Of course the boys wanted the Mature "kill as many people as possible" games like Medal of Honor, but I refused. I tried to find games lower then "T"-rated since I thought 8/10 years old were too young for teen content, and discovered it was nigh-impossible for the X360. I'd sooner let them see a copy of Playboy, then the gratuitous violence in many of these games.

It took some effort but I did eventually find games without blood. So the ESRB is great in theory..... assuming the consumer actually has a choice. Sometimes they don't. (Another random example: I refuse to let any of them see the movie musical Annie because it's rated PG and has random swearing in it.)

Re:True in theory (3, Interesting)

Anonymous Coward | more than 3 years ago | (#34965852)

That's because you're buying games for the 360, which is loaded to the brim with mature shooter games and the few developers that put out family-friendly games on the system don't put out anything very good. You might find better luck on XBLA, although really most of the good all-ages games are on Nintendo systems.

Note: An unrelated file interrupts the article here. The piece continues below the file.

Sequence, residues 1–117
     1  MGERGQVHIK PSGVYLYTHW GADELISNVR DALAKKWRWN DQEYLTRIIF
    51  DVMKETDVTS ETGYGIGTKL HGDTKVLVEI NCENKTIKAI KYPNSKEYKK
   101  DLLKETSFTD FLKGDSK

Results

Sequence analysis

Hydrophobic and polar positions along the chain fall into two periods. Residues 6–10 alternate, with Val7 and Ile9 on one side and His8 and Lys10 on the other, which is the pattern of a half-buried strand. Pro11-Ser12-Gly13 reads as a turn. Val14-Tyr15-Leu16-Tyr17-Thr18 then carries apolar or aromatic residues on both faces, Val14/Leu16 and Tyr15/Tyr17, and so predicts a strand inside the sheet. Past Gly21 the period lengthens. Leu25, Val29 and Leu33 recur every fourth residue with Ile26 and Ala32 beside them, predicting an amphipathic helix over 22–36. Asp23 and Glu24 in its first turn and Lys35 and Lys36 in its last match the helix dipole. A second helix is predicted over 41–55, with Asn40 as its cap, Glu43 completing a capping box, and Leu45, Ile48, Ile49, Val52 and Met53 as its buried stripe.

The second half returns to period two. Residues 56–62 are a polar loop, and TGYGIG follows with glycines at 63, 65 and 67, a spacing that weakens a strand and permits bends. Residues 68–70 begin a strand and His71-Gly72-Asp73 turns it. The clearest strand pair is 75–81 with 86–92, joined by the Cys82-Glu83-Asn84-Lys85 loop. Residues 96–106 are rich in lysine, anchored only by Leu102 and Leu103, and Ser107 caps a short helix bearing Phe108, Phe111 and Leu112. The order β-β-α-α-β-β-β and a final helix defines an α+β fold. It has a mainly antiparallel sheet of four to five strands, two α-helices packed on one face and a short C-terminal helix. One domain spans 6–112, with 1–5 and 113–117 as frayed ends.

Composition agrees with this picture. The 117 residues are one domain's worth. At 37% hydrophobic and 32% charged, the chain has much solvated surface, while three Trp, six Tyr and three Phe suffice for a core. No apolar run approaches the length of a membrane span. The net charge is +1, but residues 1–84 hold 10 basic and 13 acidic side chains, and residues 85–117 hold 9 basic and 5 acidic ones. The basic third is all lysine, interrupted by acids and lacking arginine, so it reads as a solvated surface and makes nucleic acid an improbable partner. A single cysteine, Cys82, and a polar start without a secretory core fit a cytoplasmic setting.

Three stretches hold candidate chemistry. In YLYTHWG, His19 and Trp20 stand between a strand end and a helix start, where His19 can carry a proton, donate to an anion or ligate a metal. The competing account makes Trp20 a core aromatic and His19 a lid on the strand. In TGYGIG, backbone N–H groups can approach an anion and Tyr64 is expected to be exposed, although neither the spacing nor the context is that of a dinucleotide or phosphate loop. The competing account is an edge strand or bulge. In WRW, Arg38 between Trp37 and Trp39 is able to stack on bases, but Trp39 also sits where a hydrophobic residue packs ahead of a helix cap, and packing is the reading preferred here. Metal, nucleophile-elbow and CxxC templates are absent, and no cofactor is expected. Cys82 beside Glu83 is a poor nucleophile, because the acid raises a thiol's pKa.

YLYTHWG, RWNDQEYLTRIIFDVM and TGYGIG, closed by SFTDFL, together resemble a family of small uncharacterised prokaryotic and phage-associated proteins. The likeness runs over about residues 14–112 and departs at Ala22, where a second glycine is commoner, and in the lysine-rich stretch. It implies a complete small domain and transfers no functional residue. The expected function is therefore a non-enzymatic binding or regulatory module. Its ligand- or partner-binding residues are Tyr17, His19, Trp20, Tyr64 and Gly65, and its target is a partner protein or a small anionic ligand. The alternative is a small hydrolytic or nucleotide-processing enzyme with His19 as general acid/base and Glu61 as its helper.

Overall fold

Re:True in theory (4, Insightful)

mewsenews (251487) | more than 3 years ago | (#34965802)

No one will stock or publish an ESRB AO game, just like no theatres ever show NC-17 films.

I was about to make a snide comment about digital distribution eventually making this argument moot. However, I then realized that digital distribution is rapidly coalescing into a handful of retailers like Steam and iTunes app store, and they're just as unlikely to carry boobs than their brick and mortar counterparts.

Re:True in theory (2)

0123456 (636235) | more than 3 years ago | (#34966030)

However, I then realized that digital distribution is rapidly coalescing into a handful of retailers like Steam and iTunes app store, and they're just as unlikely to carry boobs than their brick and mortar counterparts.

Age of Conan and Saints Row 2 are both on Steam and both have boobs (OK, SR2 requires a trivial hack to unpixelate them). I think Witcher does too.

So that's at least two and probably three Steam games with boobs, and I'm sure there are others.